0267 – humility in the face of environments

It’s humbling to discover how easy it is for me to fall back into old patterns and old routines. I enjoyed 5 days of minimal social media and Internet-ing in Cebu. Even then I spent more time on Reddit and Imgur than I would’ve liked, but it felt like I was more disengaged than usual– almost as if the fact that I was on a holiday kept me from taking anything too seriously.

I landed two nights ago, and since then I’ve been trying to pay attention to my actions, behavior, feelings. I was planning to sleep as early as possible, but somehow that didn’t seem like a huge priority. Well– at the very least, I’m out of home and on the train by 10am, which is somewhat earlier than usual. And I feel somewhat well-rested, though that might be more because of the holiday than because of the last couple of nights of sleep. Either way I think it’s become very quickly clear that I’m not nearly in as much control of myself as I like to think I am. Even when I think I’m in control– ESPECIALLY when I think I’m in control– I’m probably not. And this should scare and trouble me, because it’ll stop me from living a fulfilling life, one with presence. As Tim Urban said about procrastinators who manage to survive– we might be happy with our lives, but we’re rarely happy IN our lives. I feel that a lot. Our instant-gratification monkeys dominate us, and yet they know that they’re ultimately not in control.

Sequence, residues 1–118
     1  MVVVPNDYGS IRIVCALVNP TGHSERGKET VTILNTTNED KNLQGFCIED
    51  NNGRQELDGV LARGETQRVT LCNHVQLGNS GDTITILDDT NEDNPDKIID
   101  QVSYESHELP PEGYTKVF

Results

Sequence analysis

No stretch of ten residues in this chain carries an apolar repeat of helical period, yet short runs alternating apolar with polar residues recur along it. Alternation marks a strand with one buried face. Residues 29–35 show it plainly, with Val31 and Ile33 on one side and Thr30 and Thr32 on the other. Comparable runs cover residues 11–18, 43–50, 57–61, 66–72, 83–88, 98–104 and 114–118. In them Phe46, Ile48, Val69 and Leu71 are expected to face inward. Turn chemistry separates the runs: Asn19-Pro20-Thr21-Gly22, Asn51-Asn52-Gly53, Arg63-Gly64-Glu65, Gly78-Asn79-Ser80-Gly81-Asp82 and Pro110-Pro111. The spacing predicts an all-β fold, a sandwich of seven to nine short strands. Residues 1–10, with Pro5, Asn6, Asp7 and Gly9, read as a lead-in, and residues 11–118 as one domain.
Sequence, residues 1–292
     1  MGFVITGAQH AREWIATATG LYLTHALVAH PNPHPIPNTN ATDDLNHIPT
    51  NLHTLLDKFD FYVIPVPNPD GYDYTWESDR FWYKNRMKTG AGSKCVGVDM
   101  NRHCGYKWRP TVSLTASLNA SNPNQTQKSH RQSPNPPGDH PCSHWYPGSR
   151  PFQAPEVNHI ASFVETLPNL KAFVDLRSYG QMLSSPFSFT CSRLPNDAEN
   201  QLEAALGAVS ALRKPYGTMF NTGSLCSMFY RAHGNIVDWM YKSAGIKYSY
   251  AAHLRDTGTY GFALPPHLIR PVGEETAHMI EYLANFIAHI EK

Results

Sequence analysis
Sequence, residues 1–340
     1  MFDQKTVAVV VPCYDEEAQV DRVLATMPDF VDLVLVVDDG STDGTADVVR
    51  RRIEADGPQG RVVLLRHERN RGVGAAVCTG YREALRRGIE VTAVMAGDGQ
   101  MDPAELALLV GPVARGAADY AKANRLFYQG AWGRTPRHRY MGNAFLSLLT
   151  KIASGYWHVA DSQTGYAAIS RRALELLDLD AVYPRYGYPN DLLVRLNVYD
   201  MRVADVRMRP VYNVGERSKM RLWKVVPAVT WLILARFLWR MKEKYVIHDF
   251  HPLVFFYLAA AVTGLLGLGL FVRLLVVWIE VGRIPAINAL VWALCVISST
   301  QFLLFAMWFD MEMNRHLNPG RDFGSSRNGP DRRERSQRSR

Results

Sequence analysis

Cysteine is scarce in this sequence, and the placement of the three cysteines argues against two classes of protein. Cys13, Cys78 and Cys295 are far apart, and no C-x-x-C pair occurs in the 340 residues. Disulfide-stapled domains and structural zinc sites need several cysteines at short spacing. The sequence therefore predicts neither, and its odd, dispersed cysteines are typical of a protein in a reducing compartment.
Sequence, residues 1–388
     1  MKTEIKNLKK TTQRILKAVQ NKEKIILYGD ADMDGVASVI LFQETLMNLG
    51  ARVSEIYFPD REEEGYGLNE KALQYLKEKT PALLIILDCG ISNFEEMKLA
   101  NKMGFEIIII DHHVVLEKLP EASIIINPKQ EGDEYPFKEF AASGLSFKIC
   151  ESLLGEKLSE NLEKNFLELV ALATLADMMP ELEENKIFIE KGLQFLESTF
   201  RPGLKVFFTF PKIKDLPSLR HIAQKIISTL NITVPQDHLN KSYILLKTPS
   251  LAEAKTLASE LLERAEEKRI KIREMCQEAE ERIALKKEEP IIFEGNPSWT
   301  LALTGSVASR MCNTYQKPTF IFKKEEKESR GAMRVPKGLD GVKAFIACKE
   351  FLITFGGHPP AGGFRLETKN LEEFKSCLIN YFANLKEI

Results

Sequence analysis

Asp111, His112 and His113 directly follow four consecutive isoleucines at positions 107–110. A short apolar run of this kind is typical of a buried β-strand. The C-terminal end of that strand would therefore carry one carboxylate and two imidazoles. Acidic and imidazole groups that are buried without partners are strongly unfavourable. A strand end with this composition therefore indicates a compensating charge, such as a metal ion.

I really, really need to reconcile my beliefs about parenting, education, etc with my own personal life. I was quite awed by a loved one’s ability to be hyper-aware of problems outside of herself while being simultaneously overwhelmed by her own circumstances. I must be going through the exact same thing. I am aware of all of these things outside of myself (or I think I’m aware, because I have all these explanations and theories– often adjusted after-the-fact to fit things in a comfortable narrative, as always)– and yet I don’t seem to be aware of the things that matter, while they matter. Only later on, much later on.